A bill to legalize and regulate cannabis for adult use in Illinois passed in the state Senate Wednesday in a vote of 38-17. The bill, which removes several cannabis possession offenses from criminal histories, now heads to the House of Representatives for consideration.
State Sen. Rachelle Crowe, D-Glen Carbon, was one of two Democrats to vote no. Two other Downstate senators, both Democrats, Andy Manar of Bunker Hill and Christopher Belt of Cahokia, each voted yes. Republican Paul Schimpf of Waterloo voted no. Two other senators abstained from voting on Wednesday.
“MPP is proud to have worked hand-in-hand with state lawmakers and Gov. Pritzker to develop this historic legislation,” said Steve Hawkins, executive director of the Marijuana Policy Project, which is leading advocacy efforts in support of the legislation. “This bill helps people remove the stigma and harm caused by prior cannabis possession convictions and creates opportunities for those who want to enter the new, regulated program.”
HB 1438, sponsored by Sen. Heather Steans and Rep. Kelly Cassidy, would legalize the possession and purchase of up to 30 grams of cannabis for adults and establish an inclusive, regulated market for cultivators, processors, transporters, retail stores, and testing labs. If enacted, adults could begin purchasing cannabis as early as January 1, 2020. In addition to legalizing possession and sales for adults, the bill adds the option for medical patients to grow cannabis at home and creates cannabis-related training opportunities at local community colleges.
Laws regulating and taxing cannabis for adult use have been enacted in nine states — including Michigan — and the U.S. territory of the Northern Mariana Islands. Vermont and D.C. are the only two U.S. jurisdictions where cannabis possession and cultivation is legal, but where the laws do not include regulated retail sales. If HB 1438 is enacted, Illinois will become the first state to approve legal cannabis sales through the state legislature rather than via a ballot measure.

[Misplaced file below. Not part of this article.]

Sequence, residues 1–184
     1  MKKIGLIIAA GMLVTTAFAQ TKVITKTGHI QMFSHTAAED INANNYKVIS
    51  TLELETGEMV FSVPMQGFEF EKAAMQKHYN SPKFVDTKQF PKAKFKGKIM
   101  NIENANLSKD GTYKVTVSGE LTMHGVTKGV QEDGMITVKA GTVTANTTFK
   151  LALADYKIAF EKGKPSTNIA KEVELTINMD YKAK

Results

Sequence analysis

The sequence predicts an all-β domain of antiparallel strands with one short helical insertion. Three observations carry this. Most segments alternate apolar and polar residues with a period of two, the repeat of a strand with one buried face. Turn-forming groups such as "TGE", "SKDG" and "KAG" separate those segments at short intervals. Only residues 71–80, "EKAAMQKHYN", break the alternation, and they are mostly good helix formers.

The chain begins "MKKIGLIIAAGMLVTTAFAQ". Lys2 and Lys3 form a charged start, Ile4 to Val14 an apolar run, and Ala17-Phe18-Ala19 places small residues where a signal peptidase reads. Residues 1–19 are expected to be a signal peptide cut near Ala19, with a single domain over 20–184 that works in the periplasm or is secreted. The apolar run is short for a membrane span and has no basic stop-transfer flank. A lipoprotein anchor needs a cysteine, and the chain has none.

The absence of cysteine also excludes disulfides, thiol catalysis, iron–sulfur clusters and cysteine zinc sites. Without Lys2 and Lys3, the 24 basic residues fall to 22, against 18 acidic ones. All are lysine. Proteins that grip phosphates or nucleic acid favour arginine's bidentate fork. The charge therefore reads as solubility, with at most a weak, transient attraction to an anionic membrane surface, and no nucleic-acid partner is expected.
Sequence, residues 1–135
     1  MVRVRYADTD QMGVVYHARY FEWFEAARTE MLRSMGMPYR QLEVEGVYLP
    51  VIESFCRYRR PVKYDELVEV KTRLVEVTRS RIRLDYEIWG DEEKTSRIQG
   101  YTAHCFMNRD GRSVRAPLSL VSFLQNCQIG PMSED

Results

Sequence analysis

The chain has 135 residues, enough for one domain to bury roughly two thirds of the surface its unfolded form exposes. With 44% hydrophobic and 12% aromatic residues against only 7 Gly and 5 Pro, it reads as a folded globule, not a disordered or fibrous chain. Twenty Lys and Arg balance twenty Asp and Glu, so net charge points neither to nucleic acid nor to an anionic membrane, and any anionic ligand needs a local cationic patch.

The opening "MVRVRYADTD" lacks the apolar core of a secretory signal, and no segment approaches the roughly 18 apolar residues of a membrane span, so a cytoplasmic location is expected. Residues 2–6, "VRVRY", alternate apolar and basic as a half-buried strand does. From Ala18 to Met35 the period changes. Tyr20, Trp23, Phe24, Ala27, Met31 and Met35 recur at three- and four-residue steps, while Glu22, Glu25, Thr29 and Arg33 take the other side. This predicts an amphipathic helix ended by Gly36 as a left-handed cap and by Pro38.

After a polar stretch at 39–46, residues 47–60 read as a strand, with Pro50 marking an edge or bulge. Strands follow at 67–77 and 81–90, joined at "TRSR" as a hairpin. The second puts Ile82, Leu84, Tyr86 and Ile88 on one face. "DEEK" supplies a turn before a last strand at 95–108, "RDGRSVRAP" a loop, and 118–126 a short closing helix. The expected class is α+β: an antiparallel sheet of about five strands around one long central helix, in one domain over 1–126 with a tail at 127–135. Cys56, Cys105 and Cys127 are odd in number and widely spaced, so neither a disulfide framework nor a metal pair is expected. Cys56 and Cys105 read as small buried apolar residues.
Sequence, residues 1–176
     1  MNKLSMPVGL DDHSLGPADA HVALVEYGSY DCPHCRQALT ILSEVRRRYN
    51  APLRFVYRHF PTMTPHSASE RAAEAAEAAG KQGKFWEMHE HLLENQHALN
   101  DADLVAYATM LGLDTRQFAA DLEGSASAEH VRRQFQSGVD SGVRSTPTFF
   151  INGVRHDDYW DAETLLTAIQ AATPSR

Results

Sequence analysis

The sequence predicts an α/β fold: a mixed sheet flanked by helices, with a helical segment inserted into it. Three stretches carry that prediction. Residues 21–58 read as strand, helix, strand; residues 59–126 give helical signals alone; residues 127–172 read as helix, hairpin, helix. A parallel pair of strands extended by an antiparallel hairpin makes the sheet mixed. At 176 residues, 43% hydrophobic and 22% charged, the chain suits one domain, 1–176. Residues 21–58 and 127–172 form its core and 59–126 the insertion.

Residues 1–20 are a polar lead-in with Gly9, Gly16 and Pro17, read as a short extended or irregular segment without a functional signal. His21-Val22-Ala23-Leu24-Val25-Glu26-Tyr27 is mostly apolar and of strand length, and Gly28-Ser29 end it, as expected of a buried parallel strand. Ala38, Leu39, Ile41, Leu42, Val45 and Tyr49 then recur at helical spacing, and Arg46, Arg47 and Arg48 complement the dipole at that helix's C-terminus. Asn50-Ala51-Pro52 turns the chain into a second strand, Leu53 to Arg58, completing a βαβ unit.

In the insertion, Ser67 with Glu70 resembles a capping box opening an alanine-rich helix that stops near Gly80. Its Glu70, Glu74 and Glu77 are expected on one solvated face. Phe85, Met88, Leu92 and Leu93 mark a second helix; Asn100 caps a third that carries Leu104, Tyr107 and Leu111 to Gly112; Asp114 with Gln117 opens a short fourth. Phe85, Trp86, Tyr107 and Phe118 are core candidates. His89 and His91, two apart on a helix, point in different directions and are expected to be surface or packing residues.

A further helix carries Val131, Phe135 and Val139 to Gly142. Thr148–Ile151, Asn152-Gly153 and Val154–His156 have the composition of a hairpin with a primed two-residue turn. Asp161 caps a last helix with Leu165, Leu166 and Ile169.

Belt explained his vote in a statement.
“Legalizing cannabis will bring a substantial amount of revenue into the state,” Belt said. “Additionally, removing marijuana from the controlled substance list will save some of the dollars that might otherwise be spent on law enforcement and incarceration.”
Gov. J.B. Pritzker is in support.
In a statement, he said: “Illinois is poised to become the first state in the nation that put equity and criminal justice reform at the heart of its approach to legalizing cannabis, and I’m grateful that the Senate has taken this important step with a bipartisan vote. Senators Steans and Hutchinson have done tremendous work to reach this point, and I encourage the House to take decisive action to make Illinois a national leader in equity and criminal justice reform.”
The Illinois Chamber of Commerce also issued a statement.
“While the Chamber remains skeptical on whether recreational cannabis is the right direction for Illinois, we recognize that this may become law, and have been engaged in a very constructive discussion with the sponsors of the legislation and the administration for the last several months,” said Illinois Chamber of Commerce President and CEO Todd Maisch.
“We believe that through vigilant dialogue we have secured the strongest workplace protections of any state in the nation. We will continue to be active and engaged in any future conversations that are likely to occur to help shape the issue between passage and implementation on behalf of all Illinois workplaces,” Maisch said.